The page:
Date of Award


Document Type

Thesis - Open Access

Degree Name

Master of Arts (MA)


Contemporary Art

First Advisor

Aliza Shvarts

Second Advisor

Judith Prowda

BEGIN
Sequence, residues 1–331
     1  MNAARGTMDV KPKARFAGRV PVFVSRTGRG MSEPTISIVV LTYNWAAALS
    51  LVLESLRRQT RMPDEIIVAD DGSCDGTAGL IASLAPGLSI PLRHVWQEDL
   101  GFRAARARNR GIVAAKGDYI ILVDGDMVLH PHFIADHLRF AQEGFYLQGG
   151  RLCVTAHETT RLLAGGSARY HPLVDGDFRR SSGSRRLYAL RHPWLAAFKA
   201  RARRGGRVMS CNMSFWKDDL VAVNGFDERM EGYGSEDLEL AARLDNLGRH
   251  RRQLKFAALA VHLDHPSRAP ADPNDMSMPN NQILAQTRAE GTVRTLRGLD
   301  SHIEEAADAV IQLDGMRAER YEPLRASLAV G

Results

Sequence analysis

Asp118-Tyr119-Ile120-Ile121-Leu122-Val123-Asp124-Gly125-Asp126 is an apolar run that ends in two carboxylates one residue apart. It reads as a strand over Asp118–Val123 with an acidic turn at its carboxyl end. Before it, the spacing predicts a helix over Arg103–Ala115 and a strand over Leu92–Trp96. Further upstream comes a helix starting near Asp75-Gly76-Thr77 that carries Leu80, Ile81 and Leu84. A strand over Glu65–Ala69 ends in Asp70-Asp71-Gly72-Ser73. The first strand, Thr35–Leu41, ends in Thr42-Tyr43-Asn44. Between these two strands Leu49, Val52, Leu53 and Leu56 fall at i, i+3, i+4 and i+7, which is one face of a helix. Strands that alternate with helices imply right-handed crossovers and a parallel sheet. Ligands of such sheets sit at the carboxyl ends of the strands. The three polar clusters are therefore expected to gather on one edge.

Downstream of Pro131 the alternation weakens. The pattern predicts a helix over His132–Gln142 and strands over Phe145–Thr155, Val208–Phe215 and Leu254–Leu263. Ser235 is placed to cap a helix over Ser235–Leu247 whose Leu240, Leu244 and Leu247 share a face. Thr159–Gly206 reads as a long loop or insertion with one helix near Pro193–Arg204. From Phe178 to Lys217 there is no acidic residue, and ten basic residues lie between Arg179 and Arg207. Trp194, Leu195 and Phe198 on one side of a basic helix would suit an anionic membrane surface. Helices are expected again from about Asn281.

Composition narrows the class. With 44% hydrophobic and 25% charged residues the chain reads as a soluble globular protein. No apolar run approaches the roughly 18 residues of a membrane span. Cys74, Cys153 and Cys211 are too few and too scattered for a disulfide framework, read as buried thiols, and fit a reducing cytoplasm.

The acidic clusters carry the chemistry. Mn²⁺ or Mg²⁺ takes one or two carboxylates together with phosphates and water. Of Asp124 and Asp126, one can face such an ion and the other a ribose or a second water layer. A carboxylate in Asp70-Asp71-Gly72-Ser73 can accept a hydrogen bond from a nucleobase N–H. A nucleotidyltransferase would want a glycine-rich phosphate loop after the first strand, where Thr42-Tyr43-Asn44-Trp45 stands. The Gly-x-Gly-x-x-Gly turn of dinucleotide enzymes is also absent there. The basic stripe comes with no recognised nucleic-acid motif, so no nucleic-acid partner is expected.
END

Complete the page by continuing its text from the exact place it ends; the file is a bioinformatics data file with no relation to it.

Non-profit art museums are arbiters of cultural value and simultaneously supporters of artistic freedom. During 2020, a resurgence of the Black Lives Matter movement amplified anti- neutrality activist groups, demanding museums address the embedded violence within their institutional practices. While some physical protests occurred, due to the COVID-19 pandemic digital activism thrived through Instagram campaigns. A portion of research for thesis involved surveying over fifty Instagram accounts dedicated to hold the art world discourse in some regard. Additionally, this thesis’ methodology included remaining conversant on the activity regarding three museums: The San Francisco Museum of Modern Art, The Museum of Contemporary Art Detroit, and the Guggenheim. Each of which is thoroughly examined in respective case studies, including analysis of each museum’s response to this surge in anti-neutrality activism, how it was related to previous iterations of similar activism, and how it was misconstrued as cancel culture. While many institutions were called into action during 2020, the scope of this thesis covers the aforementioned three, all of which are non-profit, public-facing institutions, as determined by their 501(c)(3) tax status. The three case studies illustrate differing reactions to this moment of reckoning, grappling with notions of anti-neutrality. This thesis utilizes two of the many ideologies that fall within anti-neutrality to create its theoretical framework: Art for Art’s Sake as defined by Lola Olufemi, and the aesthetic alibi coined by Martin Jay. The effectiveness of the groups that challenged these three museums proved that this not cancel culture as some have misconstrued it, but rather latest iteration of anti-neutral activism, rooted in aesthetic discourse.